Home » Archives » KoreanStudies » Re: Fan Death / Bell's Palsy
|Re: Fan Death / Bell's Palsy [message #8862 is a reply to message #8861]
||Mon, 18 September 2006 00:11
Registered: December 2005
I was recalling the fan death superstition from my childhood, and it is true |
that there is particular concern about wind blowing on the face. On the
surface, this might seem to be associated directly with facial paralysis, but
I think there are other issues worth looking into as well as the information
on Bell's Palsy.
Cold *water* on the face is associated with the diving response (in which
circulation to the extremeties is reduced). Look here:
There is also the phenomenon called "cold shock" caused by sudden immersion in
cold water. The alkalosis reaction may be related to fan death. See here:
If cold air on the body has similar (though perhaps less severe) effects,
perhaps prolonged exposure to the cold air could result in alkalosis or some
version of the diving response? (These were some of the issues I considered
while researching for the piece of fiction on "aetheric hypothermia," but good
SF is always based on some level of plausibility.)
On Sun, 17 Sep 2006 16:30:50 -0700 (PDT)
David Kosofsky wrote:
> While I share in the amusement and bemusement of other list-members who have
>encountered the peculiar Korean ethno-pathophysiology of Fan Death, my
>response to the issue of cold drafts and Bell's palsy (as mentioned by Mark
>Peterson) is a bit different.
> To being with, unlike the business of Fan Death, the origins of the Korean
>association of cold drafts with Bell's palsy is anything but obscure. It is
>the canonical wisdom of the system of traditional medicine practiced and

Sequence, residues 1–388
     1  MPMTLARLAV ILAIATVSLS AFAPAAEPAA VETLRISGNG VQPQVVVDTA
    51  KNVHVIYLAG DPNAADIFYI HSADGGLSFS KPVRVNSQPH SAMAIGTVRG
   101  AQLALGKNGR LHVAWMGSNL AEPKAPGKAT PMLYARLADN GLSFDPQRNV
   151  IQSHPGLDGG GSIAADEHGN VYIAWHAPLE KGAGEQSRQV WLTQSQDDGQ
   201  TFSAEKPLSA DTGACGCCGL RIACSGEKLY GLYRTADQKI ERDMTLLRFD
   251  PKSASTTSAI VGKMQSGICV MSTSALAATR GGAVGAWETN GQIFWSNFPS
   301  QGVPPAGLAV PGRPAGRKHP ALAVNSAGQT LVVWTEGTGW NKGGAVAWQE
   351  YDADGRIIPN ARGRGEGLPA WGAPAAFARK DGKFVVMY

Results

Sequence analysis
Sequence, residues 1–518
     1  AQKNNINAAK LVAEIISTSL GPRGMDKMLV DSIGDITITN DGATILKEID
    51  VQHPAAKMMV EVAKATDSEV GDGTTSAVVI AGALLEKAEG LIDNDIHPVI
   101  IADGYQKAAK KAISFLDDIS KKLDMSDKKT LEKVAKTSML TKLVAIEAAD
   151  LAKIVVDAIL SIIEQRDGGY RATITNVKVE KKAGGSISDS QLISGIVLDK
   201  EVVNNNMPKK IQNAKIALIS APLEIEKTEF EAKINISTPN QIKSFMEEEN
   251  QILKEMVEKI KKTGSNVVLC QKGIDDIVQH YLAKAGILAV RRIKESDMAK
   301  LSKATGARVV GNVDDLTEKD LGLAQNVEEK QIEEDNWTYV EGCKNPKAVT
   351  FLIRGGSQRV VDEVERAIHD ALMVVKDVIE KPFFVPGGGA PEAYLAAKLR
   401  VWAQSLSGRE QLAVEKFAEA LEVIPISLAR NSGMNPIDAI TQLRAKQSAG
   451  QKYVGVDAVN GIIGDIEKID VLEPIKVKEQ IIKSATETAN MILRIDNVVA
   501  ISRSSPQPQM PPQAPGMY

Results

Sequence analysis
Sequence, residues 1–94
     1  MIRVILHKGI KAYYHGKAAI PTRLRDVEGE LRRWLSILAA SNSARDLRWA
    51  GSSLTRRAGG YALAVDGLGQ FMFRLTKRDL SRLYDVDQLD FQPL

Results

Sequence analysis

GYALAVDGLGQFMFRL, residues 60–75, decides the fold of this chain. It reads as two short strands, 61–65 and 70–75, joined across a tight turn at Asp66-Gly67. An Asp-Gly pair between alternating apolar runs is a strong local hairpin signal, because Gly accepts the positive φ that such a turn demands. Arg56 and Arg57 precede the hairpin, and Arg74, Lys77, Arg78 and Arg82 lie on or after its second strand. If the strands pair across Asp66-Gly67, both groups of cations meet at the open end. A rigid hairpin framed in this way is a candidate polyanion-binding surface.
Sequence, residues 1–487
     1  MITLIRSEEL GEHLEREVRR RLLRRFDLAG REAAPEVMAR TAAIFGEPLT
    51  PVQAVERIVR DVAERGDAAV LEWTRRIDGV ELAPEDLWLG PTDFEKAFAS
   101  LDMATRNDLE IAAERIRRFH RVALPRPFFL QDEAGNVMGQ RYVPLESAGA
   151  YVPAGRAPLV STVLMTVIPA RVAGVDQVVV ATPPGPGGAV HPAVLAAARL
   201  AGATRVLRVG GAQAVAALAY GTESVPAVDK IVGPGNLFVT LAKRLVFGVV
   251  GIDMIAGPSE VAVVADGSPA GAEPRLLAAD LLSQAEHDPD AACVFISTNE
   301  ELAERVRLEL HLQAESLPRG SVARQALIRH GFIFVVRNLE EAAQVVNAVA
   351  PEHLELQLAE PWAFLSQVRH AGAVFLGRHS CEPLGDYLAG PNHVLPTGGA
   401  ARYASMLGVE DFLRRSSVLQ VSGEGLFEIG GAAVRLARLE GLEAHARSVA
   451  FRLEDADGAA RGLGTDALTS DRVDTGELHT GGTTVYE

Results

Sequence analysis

>taught in China and Korea. Indeed, the etiological role of `wind' in Bell's
>palsy is explicit in the term used for the disease: `Zhong Feng' in Chinese;
>Chung P'ung in Korean.
> To save you a minute or two of googling:
> "Bell's Palsy is known as Zhong Feng and translates as Wind Attack. It is
>categorised as External Wind Stroke attack with the main pattern
>differentiation being Wind invasion due to emptiness of the Channels (Maclean
>and Lyttleton 1998). Wind is thought to take advantage of the vacuity to
>enter the body and attack the sinews and vessels in the area of the face.
>This results in Qi and Blood stagnation causing the inability of flesh to
>relax or contract (Wolfe 2003).
> Symptoms of Interior Wind include paralysis (Wind-stroke). External Wind
>causes facial paralysis (Bells Palsy) or simply neck stiffness. In Chinese
>Medicine there is a saying Sudden rigidity is due to Wind.
> And should you doubt that this theoretical framework is still in place when
>modern, urban Koreans talk and think about matters cardiovascular and
>neurological, take a look at "Perspectives of Stroke in Persons Living in
>Seoul, South Korea: A Survey of 1000 Subjects," at
> http://stroke.ahajournals.org/cgi/content/full/strokeaha;28/ 6/1165
> where 1,000 Seoulites, in telephone interviews, were asked to list what
>they regarded as risk factors for stroke. The seventh most commonly noted
>factor was `coldness or cold wind," which ranked ahead of both alcohol and
>cigarette smoking. As the authors wrote:
> "Of particular interest in this respect was that coldness or cold wind
>was ranked as a relatively important risk factor for stroke. Although cold
>weather is indeed related to frequent occurrence of stroke, coldness itself
>has never been considered as a major risk factor in western literature. On
>the other hand, traditional medicine has taught that coldness, especially
>cold wind, should be avoided to prevent stroke. It is noteworthy that the
>Chinese character Poong, which is nearly equivalent to "stroke," actually
>means wind." "
> The second point I would make is that the notion that cold wind on the face